ENGLEWOOD, Colo. — For the Denver Broncos, it’s all about location, location, location.
At 25, Mahomes is THE franchise quarterback in the division, but he’s not the only one. The Los Angeles Chargers have Justin Herbert, who just won offensive rookie of the year after setting first-year records for passing yards (4,336), passing touchdowns (31) and completions (396) and he won’t turn 23 for another three weeks. The Las Vegas Raiders have Derek Carr and he just finished his third consecutive 4,000-yard passing season with a 67% completion rate.
Bottom line: When you live in the AFC West, you have to stop the pass, and that’s where Denver’s problems at cornerback get magnified. The Broncos have already released A.J. Bouye and have no cornerbacks under contract for 2021 who started at least 10 games last season and are not returning from injury.
So how do the Broncos fix their greatest need? Free agency? Good luck. The Cardinals’ Patrick Peterson and Rams’ Troy Hill lead the list of potential free agents, but there are currently just six cornerbacks scheduled to be unrestricted free agents who are under 30 years old and played in at least 15 games for at least 800 snaps last season — the Browns’ Terrance Mitchell, Washington’s Ronald Darby and the Chargers’ Michael Davis among them. Most of the rest are in the buyer-beware zone — well over 30 or coming off injuries or bit players in their defenses.
The good news is that the draft can provide answers. ESPN’s Mel Kiper Jr. sees a fairly deep group of cornerbacks with talent at the top that could fall to the Broncos.
“I have 31 corners with grades inside the first five or six rounds,” Kiper said. “… It’s just a matter of what you like and where you fit some of the guys who were [COVID-19] opt-outs.”
So, riding shotgun with Mel, here’s how the cornerback board has started to stack as pro days approach:
At the top
Kiper says: “The Broncos are at [No.] 9, I just don’t know how far you want to go up for a corner. Caleb Farley would be a pick worthy of 9 if he would have played this year. He opted out, great year in 2019 … great speed, great length, great cover guy. This would have been a year, had he played, if he could have shown he tackled better and showed people that, he would have been really, really highly regarded. But he’s that top guy. Patrick Surtain is so technically sound, but maybe not as gifted as Farley. I think those two are are the corners in that top 15 area.”
The way I see it: Surtain is more well-rounded in terms of technique and is a sure wrap-up tackler when asked to participate in the run game — a no-exceptions rule for cornerbacks in Vic Fangio’s defense. Farley intrigues people because he is the potential over production prospect. He was one of the first high-profile players to opt out for the season and is a former quarterback and wide receiver with just two collegiate seasons at defensive back. Horn — at least before the pro days happen — Robinson and Joseph have been risers through the 2020 season. Kiper has Robinson as his No. 8 cornerback, but some teams are ready to take a long look at him at the bottom of Round 1, at least before all of the workout results are in. Joseph played one season at LSU and one season at Kentucky. He has showed top-tier instincts and a toughness in run defense. Horn has size and battles for the ball, but has drawn flags at times and that may cause some defensive backs coaches to pause.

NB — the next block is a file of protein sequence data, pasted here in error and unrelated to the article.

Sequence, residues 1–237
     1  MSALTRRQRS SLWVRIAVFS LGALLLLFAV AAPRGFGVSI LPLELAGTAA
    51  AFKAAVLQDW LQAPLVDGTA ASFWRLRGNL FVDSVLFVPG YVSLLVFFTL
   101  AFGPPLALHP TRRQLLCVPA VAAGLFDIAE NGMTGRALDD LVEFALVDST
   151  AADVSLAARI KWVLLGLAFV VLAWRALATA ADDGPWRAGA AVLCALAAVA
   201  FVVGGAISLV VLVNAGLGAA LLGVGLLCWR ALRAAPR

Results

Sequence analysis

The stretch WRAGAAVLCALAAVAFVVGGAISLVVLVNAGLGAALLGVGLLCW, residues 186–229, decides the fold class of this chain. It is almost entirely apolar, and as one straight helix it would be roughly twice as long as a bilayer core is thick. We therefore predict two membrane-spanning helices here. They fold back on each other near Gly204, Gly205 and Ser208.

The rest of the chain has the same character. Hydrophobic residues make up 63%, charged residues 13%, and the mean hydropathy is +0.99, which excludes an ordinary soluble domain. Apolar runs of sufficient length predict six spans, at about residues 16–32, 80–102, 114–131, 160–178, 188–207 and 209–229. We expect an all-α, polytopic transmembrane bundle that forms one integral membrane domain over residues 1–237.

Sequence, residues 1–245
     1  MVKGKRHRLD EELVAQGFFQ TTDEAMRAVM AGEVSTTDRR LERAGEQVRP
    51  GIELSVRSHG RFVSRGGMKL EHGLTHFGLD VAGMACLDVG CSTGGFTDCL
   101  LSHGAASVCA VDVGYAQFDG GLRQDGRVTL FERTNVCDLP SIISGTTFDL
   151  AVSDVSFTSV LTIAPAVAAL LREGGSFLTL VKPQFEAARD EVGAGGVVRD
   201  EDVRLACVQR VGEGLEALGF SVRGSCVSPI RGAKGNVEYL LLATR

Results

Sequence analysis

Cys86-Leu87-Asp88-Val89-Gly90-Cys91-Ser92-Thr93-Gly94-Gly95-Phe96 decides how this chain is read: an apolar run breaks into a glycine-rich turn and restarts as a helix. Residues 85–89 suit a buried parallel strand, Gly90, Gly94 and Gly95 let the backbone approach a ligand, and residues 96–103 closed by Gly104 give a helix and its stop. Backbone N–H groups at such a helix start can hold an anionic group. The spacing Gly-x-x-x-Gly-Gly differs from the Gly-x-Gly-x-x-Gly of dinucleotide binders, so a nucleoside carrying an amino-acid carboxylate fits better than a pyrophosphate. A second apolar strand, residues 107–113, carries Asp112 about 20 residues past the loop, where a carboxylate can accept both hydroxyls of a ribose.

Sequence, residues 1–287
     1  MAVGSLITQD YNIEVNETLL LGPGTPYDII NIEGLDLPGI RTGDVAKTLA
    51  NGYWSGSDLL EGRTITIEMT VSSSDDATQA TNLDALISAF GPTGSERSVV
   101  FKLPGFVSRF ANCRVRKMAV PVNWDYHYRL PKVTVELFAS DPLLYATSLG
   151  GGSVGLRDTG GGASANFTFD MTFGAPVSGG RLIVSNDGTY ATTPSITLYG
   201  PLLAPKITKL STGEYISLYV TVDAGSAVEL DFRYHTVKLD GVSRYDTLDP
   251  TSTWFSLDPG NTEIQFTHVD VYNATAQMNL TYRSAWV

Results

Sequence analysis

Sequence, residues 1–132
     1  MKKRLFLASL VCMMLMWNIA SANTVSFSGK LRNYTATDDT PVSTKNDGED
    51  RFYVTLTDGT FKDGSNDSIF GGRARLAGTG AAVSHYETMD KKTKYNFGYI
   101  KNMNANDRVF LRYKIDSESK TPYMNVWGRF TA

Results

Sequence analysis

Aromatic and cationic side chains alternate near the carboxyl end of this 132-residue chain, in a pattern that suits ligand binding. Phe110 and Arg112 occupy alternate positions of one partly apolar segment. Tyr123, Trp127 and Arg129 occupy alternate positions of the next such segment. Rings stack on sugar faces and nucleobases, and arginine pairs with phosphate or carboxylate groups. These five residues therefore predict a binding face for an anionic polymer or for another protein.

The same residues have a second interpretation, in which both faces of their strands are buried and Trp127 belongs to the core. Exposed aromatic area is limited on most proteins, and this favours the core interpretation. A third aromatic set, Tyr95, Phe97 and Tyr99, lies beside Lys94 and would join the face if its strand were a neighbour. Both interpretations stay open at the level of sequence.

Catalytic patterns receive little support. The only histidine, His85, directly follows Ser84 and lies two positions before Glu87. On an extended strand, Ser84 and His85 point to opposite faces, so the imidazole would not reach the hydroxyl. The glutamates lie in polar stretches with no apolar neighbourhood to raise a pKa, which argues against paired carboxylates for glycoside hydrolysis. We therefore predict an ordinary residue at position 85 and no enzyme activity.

What Kiper says: “After that first group there are some players I like, Greg Newsome out of the Northwestern, Keith Taylor from Washington. Taylor had a good Senior Bowl week, maybe he’s now a [second-rounder]. But I think some of the boards will reflect what teams think of the opt-out guys — if some teams are stricter in those evaluations than others — count them more — you could find some real so-called bargains down the board. I haven’t been as critical as some NFL teams I’ve talked to, but it will have an impact on some of the evaluations.”
The way I see it: Some teams will pause on Samuel because of his size (5-foot-9 5/8, 184 pounds), but with most defenses in the league playing in nickel as their “base” defense, there is a place for him. Many teams see Molden, too, initially as a nickel corner. Opinions vary widely on Wade as some evaluators need convincing he will not give as much ground to receivers off the line of scrimmage as he did at times this past season. Newsome will be a name to watch given his ability to line up on the perimeter immediately, but he didn’t play more than nine games in any of his three seasons with the Wildcats.
Players: Eric Stokes, Georgia; Paulson Adebo, Stanford; Marco Wilson, Florida; Ifeatu Melifonwu, Syracuse; Robert Rochell, Central Arkansas; Tyson Campbell, Georgia; Ambry Thomas, Michigan, D.J. Daniel, Georiga; Tre Brown, Oklahoma; Camryn Bynum, California; Benjamin St-Juste, Minnesota
What Kiper says: “You look down into Day 2 and Day 3 [of the draft], you can get a Benjamin St-Juste out of Minnesota, really tall, really long. Thomas, from Michigan could be a third-rounder. … Paulson Adebo from Stanford, was an opt-out and kind of an enigma. Tre Brown, outstanding cover man, sticks his nose in there, he’ll tackle, breaks on the ball well.”
The way I see it: Look for tacklers with recognition skills in coverage for Fangio — it’s why Essang Bassey made the roster as an undrafted rookie at cornerback this past season. That’s also why a player such as Melifonwu is one to keep an eye on. Take a look at the video from the Senior Bowl practices and you see a physical player who got better and better as the week wore on and even showed enough toughness to cover tight ends when needed.